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Both lived experiences and data show that LGBTQ+ people, especially Black, Filipiino, Latinx, and other LGBTQ+ people of color and/or LGBTQ+ people with disabilities, are more likely to have negative interactions with law enforcement officers.

The mechanisms for enforcing your rights when law enforcement has disregarded them can often be complex and inaccessible. The resources on this page – contacts for LGBTQ liaisons within law enforcement agencies and guides for reporting misconduct – provide some guidance for LGBTQ+ people seeking to engage with law enforcement officers.

LGBTQ Liaisons: Local Law Enforcement Agencies

Many of San Diego County’s local law enforcement agencies have identified officers to act as liaisons between law enforcement and the LGBTQ community. Most of these officers are members of the LGBTQ community themselves. Community members may wish to reach out to these liaisons to report issues or incidents with law enforcement, to request assistance in navigating the law enforcement process, or for other reasons.

Contact Info
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RESOURCES: Reporting Law Enforcement Misconduct or Abuse

You have a right to report harassment, abuse, and discriminatory treatment by law enforcement. Filing a formal complaint helps to create a record about misconduct that may include homophobia, transphobia, racism, ableism, and other discrimination. This process can be long and difficult, but the following resources can provide guidance. (Note: if you do decide to file a complaint, you should avoid delay—many jurisdictions require complaints to be filed within a specific period of time (often within 60 or 90 days) in order for them to be actively investigated.)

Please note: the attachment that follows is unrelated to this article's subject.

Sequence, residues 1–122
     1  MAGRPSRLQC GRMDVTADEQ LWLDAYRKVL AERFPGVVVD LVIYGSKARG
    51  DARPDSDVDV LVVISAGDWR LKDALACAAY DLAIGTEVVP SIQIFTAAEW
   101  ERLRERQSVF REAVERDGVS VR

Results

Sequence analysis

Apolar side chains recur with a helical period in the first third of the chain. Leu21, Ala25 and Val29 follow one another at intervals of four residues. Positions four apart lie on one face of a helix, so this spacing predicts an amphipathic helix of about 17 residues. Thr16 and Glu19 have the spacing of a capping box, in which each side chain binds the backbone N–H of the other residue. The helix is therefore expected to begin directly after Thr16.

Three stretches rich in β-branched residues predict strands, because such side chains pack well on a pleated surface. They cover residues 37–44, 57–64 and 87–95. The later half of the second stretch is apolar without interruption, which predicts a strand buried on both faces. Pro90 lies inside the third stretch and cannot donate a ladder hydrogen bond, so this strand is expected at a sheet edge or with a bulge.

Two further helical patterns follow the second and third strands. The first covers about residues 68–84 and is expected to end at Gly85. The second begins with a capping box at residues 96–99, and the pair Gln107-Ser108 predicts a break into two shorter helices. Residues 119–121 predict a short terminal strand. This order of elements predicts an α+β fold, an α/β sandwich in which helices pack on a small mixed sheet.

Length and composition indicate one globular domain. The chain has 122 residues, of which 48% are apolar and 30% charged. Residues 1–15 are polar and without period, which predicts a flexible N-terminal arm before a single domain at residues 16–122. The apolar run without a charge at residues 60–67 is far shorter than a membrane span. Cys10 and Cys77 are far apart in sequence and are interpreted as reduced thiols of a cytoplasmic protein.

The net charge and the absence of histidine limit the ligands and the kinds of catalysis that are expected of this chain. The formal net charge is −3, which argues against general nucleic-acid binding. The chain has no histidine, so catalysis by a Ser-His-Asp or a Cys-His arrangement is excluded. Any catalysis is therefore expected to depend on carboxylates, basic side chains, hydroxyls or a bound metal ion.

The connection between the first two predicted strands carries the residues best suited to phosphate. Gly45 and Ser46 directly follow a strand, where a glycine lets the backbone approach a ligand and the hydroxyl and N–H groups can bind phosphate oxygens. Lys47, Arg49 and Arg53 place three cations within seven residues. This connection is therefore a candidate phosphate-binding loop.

• Commission on Police Practices (CPP): Reviews and evaluates complaints, incidents, and/or abuses that occur with members of the San Diego Police Department. (Within the City of San Diego) 
  • Community Law Enforcement Review Board (CLERB): Conducts independent, thorough, timely, and impartial reviews of complaints of misconduct, deaths, and other incidents involving members of the San Diego Sheriff’s Department. (Within the County of San Diego). 
  • Reporting Law Enforcement Abuse FINAL (Transgender Law Center): This guide is intended to briefly provide guidance on some ways you may be able to formally address abuse by law enforcement. This guide is designed for transgender, nonbinary, and gender-nonconforming people, but a lot of the information will be helpful to others.